It seems that Alley is trying to present this as an honest, no-holds barred tale but some parts of her life are glossed over (i.e. her “fat” period, the breakdown of her second marriage and her daughter (granted it’s a book about men but she gets around two sentences). Some claims are simply outrageous- like saying she took enough cocaine to kill several people, while others feel exaggerated (like the bad dream being compared to a “Satanic coven”).

There are lots of people that admire Alley’s work but whether they will feel the same way after reading this book is another story. She always did seem likeable but here she presents herself as a home wrecker or chronic flirt that falls for men at the drop of a hat. She sensationally claims she had an emotional affair with Patrick Swayze (tacky as he’s passed away) and that she had her own real-life encounter with a Christian Grey-like character. She’s also been married twice and did consider ending the last one much earlier in order to run off and get hitched to John Travolta.

The fact is that Alley is as vivacious and enthusiastic in her story as she is her acting. But the second half of the book (i.e. after becoming a Hollywood film star) is just a series of rendezvous about would-be husbands, old flames and flirtations with her leading men (although this is with the exception of the men she gushes and fawns over i.e. directors like José Quintero and Woody Allen and geniuses like Prince and Sidney Poitier).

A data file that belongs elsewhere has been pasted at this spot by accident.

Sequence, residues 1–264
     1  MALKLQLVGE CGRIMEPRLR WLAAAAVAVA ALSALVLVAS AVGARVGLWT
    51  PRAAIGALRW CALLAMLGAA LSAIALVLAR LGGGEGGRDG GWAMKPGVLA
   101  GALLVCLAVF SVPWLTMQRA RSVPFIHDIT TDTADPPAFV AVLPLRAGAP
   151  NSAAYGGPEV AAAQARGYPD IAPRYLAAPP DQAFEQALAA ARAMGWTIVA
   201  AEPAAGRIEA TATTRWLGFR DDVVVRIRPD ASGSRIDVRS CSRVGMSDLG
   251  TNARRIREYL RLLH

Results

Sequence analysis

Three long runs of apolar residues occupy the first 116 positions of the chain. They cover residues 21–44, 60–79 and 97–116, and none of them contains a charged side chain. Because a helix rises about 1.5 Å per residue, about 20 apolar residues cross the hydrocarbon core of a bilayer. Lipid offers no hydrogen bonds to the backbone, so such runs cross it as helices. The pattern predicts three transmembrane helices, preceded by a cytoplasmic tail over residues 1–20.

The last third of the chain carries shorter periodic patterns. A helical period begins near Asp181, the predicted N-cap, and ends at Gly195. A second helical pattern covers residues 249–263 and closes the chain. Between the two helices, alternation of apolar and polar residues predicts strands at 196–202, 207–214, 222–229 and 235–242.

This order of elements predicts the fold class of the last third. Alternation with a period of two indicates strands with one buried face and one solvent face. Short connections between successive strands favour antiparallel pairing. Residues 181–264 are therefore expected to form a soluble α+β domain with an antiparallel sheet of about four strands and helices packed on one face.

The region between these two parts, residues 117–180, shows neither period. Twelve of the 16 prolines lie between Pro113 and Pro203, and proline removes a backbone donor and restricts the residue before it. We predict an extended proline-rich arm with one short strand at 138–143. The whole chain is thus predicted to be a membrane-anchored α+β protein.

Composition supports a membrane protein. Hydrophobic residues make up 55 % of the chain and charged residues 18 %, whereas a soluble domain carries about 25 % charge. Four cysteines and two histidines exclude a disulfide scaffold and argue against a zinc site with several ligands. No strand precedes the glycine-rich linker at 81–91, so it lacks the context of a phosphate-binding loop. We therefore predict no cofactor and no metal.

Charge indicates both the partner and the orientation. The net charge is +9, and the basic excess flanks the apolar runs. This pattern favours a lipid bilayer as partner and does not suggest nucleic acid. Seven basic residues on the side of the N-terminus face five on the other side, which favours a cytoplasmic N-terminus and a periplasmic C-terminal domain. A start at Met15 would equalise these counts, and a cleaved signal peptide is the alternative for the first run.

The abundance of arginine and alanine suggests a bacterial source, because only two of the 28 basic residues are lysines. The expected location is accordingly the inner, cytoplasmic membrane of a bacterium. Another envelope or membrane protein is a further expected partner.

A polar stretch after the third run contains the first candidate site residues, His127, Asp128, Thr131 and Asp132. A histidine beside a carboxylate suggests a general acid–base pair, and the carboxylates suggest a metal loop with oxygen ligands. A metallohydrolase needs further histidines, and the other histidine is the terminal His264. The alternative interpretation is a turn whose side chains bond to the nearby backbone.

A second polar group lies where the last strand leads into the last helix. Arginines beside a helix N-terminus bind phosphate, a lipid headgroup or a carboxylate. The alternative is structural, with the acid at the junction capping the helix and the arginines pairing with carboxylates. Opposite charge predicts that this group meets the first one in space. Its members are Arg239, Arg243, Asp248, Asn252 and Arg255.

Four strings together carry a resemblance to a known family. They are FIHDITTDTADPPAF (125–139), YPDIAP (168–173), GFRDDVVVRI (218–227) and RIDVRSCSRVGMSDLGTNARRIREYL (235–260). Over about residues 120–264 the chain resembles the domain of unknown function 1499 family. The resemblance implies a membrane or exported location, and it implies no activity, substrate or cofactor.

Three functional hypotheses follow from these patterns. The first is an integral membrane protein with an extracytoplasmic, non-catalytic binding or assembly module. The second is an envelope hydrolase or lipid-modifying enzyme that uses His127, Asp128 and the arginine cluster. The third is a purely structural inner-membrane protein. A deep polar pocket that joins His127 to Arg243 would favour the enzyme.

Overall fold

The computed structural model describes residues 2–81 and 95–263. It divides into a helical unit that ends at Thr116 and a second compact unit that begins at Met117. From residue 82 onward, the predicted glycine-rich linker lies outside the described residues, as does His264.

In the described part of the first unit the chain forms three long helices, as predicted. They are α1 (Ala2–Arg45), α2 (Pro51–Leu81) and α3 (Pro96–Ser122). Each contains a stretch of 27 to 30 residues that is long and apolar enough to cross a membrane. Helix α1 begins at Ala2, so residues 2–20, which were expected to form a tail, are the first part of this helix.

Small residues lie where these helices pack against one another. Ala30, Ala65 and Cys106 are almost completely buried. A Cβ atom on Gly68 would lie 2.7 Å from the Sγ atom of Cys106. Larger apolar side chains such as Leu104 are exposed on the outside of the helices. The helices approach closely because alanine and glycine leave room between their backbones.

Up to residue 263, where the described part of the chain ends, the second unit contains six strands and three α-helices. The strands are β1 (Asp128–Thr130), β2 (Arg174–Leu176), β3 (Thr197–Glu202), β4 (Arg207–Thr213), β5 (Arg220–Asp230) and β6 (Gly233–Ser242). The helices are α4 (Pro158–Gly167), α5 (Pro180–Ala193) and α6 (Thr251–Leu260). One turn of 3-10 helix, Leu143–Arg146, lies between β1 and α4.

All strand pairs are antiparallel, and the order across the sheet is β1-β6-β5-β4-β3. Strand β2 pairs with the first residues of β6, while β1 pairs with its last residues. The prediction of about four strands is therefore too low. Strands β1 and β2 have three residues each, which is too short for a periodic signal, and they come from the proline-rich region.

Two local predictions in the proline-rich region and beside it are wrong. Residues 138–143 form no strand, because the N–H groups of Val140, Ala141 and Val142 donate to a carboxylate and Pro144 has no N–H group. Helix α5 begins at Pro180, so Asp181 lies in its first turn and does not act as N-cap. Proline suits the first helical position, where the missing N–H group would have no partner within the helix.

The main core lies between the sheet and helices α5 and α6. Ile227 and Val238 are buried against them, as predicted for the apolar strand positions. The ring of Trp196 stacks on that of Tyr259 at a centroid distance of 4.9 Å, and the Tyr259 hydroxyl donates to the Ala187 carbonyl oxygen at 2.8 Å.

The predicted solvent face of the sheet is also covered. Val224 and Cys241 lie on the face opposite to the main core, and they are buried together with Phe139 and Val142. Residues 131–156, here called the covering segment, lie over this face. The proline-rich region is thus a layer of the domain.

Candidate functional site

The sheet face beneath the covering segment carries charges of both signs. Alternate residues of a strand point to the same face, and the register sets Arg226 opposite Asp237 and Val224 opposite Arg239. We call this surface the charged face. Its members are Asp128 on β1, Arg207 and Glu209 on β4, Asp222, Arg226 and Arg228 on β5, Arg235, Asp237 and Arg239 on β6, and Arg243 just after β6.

This autobiography could be a fun and hilarious romp but it actually grows rather repetitive and tiresome. Alley’s biggest pitfall is how shallow and self-absorbed she seems. She describes outfits worn 25 years ago in pain-staking detail and constantly reminds the reader how fit she was in her size two jeans. This is at odds with the self-deprecating humour found elsewhere and at her worst Alley comes across as simply crazy or delusional.

There is also a chapter about Alley’s Scientology beliefs where she reverts to preaching about the faith. Some fans may appreciate this insight into her character, but the descriptions about her family i.e. her father, grandfather and son are more honest and candid, because they lack the pretension and obvious name-dropping that mar the other chapters.

The Art Of Men (I Prefer Mine al Dente) is like the book equivalent of a rare steak. There are some readers that will find it half-baked and undercooked while others will enjoy the taste of an irreverent woman who speaks her mind through a puff piece. It’s an autobiography that won’t win any grand prizes in literature but it should sell copies thanks to Alley’s fame. Even so, I was left occasionally thinking she should have retained a little more mystery about her kooky, celebrity-filled life.

Originally published on 3 February 2013 at the following website: http://www.theaureview.com/sydney/book-review-kirstie-alley-the-art-of-men-i-prefer-mine-al-dente

Visit The Au Review’s homepage at: http://www.theaureview.com/